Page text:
3 Tips For Renting A Property
If you’re looking to move into a rented property, whether as a first time or a seasoned and experienced tenant, there are lots of things to take into account. To make sure your renting experience is as smooth as possible, here are a few tips to bear in mind.
Know your rights and responsibilities
Even before you go out looking for properties to let, you need to get to grips with your rights and responsibilities as a tenant. It will make knowing what you should and shouldn’t do a lot easier and can help you if you have any issues with your landlord.
When you sign a contract, these should be clearly laid out in your tenancy agreement, so it is vital that you read it very carefully before signing it. If you don’t understand it, ask your landlord or letting agent to explain it. Some of the basics rights that you are afforded to include living in a property that is safe and in a good state of repair, that any maintenance issues are dealt with promptly and that you are protected from unfair rent fees and eviction. You also have the right to have your deposit paid into a government-approved tenancy deposit scheme.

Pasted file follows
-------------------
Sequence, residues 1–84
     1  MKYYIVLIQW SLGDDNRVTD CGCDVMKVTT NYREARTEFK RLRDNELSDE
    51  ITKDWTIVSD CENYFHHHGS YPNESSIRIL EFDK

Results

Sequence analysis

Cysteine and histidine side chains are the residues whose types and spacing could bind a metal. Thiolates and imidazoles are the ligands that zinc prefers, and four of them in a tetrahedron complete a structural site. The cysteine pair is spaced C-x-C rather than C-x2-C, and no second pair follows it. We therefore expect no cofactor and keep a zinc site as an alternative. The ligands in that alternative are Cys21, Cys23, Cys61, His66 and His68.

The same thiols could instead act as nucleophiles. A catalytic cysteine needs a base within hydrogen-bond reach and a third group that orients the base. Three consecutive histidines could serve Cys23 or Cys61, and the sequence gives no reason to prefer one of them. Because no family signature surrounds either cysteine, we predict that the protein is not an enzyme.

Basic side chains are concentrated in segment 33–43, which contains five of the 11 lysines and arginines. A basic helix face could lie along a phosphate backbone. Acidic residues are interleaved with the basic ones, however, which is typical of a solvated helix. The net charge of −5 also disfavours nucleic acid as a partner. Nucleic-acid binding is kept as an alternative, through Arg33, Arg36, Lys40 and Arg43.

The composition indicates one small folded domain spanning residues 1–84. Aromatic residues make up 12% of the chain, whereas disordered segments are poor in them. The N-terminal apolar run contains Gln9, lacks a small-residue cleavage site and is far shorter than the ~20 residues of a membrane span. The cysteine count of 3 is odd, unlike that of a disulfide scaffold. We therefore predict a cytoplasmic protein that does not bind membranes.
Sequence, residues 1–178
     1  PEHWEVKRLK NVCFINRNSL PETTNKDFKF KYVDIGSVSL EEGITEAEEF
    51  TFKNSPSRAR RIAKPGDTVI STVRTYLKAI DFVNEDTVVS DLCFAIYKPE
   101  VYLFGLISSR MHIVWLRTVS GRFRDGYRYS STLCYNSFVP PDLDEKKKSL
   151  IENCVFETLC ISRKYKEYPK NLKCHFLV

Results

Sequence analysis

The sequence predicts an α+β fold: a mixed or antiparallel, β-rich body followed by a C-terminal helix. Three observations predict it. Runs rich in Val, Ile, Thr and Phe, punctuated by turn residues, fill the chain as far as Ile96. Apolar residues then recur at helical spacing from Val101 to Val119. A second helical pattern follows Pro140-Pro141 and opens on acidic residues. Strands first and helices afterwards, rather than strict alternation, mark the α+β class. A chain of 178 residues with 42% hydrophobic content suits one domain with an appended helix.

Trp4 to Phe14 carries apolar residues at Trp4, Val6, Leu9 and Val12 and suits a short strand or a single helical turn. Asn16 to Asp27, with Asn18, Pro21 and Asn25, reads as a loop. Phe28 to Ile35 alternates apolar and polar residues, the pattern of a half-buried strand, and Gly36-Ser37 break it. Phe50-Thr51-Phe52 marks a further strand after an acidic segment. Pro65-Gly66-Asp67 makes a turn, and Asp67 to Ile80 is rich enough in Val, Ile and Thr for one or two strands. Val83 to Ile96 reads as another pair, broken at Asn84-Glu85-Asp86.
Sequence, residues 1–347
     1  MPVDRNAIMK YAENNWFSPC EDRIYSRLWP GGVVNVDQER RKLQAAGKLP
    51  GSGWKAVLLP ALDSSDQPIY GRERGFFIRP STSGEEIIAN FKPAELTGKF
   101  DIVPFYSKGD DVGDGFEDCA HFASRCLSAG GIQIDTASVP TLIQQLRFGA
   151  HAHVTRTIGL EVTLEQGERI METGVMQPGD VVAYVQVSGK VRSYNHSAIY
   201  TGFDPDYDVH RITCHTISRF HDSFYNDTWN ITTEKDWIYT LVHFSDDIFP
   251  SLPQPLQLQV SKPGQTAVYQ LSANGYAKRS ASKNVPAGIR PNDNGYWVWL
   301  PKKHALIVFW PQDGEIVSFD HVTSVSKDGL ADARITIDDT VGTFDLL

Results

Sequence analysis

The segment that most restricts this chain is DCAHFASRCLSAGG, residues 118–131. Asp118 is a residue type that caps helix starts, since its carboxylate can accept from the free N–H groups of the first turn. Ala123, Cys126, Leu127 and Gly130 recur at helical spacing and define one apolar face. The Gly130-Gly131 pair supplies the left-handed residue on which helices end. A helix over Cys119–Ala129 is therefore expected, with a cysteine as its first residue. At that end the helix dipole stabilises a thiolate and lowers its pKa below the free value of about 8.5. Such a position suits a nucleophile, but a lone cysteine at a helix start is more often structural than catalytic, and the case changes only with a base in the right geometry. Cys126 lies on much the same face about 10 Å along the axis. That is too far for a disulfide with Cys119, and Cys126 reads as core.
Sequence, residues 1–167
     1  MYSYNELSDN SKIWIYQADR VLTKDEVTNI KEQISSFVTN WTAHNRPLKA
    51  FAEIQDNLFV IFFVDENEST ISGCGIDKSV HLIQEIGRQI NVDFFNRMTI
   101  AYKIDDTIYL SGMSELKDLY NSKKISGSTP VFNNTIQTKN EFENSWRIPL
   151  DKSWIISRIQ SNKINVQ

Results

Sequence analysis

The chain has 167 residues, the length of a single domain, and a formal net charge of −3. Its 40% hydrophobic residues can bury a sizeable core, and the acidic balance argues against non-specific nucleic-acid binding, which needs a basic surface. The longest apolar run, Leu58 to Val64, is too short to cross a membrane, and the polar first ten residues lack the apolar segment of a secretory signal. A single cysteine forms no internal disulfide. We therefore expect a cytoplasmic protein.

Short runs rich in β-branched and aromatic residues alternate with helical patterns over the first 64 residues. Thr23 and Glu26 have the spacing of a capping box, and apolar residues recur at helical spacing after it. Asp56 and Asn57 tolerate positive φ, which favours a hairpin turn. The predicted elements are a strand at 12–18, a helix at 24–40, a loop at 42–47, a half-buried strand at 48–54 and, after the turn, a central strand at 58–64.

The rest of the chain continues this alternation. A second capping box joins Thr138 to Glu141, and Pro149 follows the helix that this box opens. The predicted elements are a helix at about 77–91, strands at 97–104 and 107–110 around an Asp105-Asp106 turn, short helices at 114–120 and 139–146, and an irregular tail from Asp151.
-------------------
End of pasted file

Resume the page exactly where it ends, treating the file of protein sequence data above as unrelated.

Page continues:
You do have responsibilities as well. You need to make sure that your rent and any other bills are paid for in full and on time, and that you look after the property, reporting any damage or any issues quickly so they can be sorted. You are also under an obligation to allow your landlord or someone acting on his behalf to carry out inspections of the property, as long as they give you a minimum of 24 hours notice. If you don’t hold up your end of the bargain, you could find yourself in a mess and may lose all or part of your deposit, and even be evicted from the property – something no one wants!
Check the inventory and take a meter reading
One of the very first tasks you should do when you move into a new property, even before you stick the kettle on, is to check it against the inventory and take a meter reading. You need to take a gas and electric reading straight away and pass it onto the utility suppliers as soon as possible. This will make sure that you are not paying for energy that the previous tenants used.
If you aren’t given an inventory, it might be a good idea to make one yourself and get it signed by an independent witness. Take time and date stamped photos of the property, particularly if there are any areas of damage or wear and tear, and send it to your landlord or agent. This may seem like a bit of hassle but may save your deposit in the future.
It’s a good idea to make sure you have the appropriate contents insurance in place. While you don’t need to worry about insuring the structure of the house, you need to protect your belongings from damage, theft, and fire. You might want to look into taking out tenancy liability cover if you are liable for any damage caused to furniture, fixtures, and fittings provided by your landlord.
This is a collaborative post.